Tuesday, December 30, 2008
From the Kitchen of Mama Wong - Part 1
Sambal Kang Kong
This one's a favorite of mine whenever I eat out - whether it's a restaurant or a neighborhood eatery. You'll find that the one I'm going to introduce is a slightly drier variety from those served outside my house, but if you dare give it a try I guarantee you'll get a pleasant surprise from the heavenly combination of dried shrimp, garlic, and chilli.
Kang Kong (1 batch), chilli padi (3), red chilli (1), garlic (3 cloves), dried shrimp (a handful)
Making the Cut
Next we clean the kang kong. I apologize to all those who don't know what a kang kong is; you've not tasted one of the best greens grown by man.
Moving on we'll snip off the edible parts of the kang kong with our fingers and then toss out the roots and the hard lower stem of the vegetable. Once the whole batch is snipped, have them soak in a basin of water to get rid of the soil and snails that may have gathered.
Seven (Hundred) Pounds
And while we wait for the greens to soak, we'll move on to preparing the shrimp floss. We'll begin by pounding the chillies in a mortar and pestle till it's hardly anything. Add in the garlic cloves in a comfortable amount, and then finishing it off my venting your tired forearms on the shrimp. Once they're a consistent dry floss, scoop them up and put them aside in anticipation for frying.
Note: You are able to buy pre-made dried shrimp at markets. Those usually do the trick if you neighbor threatened to burn a hole in your floor just so he can fume you whenever you start on the m&p.
Always Wear Protection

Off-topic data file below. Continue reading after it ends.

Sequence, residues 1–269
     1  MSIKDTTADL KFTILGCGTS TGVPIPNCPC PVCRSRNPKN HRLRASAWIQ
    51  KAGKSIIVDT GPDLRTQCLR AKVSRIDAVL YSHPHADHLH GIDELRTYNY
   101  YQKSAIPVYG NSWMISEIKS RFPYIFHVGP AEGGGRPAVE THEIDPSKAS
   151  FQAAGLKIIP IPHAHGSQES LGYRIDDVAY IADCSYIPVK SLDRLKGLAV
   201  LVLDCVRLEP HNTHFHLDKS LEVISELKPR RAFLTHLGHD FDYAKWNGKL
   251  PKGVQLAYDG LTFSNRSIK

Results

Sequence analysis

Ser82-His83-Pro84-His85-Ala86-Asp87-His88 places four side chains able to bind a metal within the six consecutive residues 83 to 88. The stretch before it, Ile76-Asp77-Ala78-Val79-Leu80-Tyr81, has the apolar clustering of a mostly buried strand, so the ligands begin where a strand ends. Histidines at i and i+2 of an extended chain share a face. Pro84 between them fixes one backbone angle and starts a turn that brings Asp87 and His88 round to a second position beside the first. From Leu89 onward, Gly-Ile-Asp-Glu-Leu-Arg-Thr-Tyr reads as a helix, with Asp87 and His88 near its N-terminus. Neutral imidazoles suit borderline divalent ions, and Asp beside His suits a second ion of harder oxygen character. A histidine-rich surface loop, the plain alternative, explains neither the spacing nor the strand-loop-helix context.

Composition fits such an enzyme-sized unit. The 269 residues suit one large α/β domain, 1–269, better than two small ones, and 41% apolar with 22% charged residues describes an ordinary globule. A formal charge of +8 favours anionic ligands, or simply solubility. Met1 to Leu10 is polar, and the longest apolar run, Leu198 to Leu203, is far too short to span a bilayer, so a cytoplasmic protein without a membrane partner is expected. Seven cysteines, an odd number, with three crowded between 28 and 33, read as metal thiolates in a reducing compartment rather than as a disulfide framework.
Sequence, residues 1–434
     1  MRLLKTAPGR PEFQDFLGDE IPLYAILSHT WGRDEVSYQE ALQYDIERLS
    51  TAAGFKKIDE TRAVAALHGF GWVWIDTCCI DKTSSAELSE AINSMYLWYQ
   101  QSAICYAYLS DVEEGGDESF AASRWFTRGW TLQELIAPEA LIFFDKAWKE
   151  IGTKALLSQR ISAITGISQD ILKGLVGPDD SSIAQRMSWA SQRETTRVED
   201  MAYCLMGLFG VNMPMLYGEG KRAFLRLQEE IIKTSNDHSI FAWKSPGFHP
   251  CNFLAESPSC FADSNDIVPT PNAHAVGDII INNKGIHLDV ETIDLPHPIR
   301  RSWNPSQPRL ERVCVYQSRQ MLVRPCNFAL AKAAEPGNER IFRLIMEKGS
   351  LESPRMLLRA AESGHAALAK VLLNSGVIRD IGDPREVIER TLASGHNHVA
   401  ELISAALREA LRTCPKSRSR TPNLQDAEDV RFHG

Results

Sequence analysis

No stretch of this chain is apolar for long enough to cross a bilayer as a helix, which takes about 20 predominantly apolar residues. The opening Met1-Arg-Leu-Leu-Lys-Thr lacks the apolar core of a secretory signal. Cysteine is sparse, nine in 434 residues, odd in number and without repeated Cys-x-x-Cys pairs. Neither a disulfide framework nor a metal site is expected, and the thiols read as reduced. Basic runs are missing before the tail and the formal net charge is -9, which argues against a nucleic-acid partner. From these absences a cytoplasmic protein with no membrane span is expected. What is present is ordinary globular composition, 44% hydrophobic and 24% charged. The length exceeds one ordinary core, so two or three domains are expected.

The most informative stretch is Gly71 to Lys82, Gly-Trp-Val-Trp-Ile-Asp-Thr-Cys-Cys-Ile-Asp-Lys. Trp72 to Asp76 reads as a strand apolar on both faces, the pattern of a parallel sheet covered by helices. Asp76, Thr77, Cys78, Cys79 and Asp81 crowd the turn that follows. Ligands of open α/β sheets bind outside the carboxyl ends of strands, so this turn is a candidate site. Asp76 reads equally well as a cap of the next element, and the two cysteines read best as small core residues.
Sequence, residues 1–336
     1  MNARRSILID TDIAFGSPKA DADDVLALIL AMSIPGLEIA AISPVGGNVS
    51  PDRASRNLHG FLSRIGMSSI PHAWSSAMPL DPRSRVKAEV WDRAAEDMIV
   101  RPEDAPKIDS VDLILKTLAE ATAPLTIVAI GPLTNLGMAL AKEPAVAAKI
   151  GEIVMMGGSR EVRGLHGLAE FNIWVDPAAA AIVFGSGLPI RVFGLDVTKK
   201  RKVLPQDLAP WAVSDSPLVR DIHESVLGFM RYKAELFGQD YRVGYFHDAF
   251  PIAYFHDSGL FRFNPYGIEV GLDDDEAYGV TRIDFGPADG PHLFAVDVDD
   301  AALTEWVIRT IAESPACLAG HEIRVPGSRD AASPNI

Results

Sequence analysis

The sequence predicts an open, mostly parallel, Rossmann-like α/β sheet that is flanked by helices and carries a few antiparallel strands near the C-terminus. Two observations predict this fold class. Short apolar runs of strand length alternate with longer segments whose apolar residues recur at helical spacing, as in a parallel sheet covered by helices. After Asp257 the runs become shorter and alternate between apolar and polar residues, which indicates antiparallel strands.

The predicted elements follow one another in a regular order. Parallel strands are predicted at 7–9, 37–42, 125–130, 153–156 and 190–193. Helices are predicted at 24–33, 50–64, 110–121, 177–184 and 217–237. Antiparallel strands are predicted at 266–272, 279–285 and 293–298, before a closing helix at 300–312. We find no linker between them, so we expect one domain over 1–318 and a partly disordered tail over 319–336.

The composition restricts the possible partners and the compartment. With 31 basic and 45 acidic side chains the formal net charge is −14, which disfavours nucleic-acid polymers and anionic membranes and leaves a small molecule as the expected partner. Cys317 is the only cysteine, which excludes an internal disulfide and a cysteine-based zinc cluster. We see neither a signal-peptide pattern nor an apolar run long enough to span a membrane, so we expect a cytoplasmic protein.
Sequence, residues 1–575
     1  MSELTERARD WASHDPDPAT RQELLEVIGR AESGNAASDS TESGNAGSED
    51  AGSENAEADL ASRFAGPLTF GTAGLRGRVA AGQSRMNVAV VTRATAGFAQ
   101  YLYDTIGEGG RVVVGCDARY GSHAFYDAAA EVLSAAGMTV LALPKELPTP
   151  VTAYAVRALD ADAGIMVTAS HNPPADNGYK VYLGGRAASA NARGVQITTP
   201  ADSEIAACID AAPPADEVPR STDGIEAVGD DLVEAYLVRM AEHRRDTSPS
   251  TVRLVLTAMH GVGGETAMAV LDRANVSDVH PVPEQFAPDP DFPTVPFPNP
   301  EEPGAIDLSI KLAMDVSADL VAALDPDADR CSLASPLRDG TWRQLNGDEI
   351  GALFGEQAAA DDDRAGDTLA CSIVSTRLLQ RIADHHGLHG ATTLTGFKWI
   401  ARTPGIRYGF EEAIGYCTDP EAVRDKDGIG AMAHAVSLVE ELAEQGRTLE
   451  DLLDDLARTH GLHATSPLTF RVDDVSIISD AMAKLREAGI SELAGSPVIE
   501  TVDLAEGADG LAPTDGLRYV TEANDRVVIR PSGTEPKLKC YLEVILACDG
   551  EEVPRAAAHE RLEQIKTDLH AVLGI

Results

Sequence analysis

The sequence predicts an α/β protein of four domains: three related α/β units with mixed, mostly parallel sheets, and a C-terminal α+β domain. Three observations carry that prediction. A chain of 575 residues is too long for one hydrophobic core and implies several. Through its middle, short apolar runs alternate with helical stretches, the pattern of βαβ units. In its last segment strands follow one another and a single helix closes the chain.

The first time I made Sambal Kang Kong, I did it shirtless. I'll treat that as an initiation ceremony - guys take off your shirts, and gals remember to take a video (my email's on the left frame under PROFILE).
Heat up a good amount of oil (I use Knife brand) because the shrimp floss will soak it all up leaving nothing for the vegs. Once the oils starts to cook, put on your shirts and toss in the shrimp floss. Prepare for a splatter fest (especially if you didn't pound it thoroughly enough coz that'll mean there's still plenty of moisture in them chillies).
Keep the heat up and toss away, not letting the floss char. Once you catch the smell of cooked shrimp floss, toss in the greens.
Throw those around in the wok for about 2-3 minutes and you will notice the greens getting darker. Once they're completely flattened and dark, toss in a pinch of salt (or 2. or 3) to taste.
Whip them around for a minute and you're good to go.
Note: If you're using store-bought floss, be sure to add in a pinch of chopped garlic to the oil (use a lot less than previously mentioned) and fry them till fragtant before throwing in the vegs to fry before ending it off with the floss and then salt.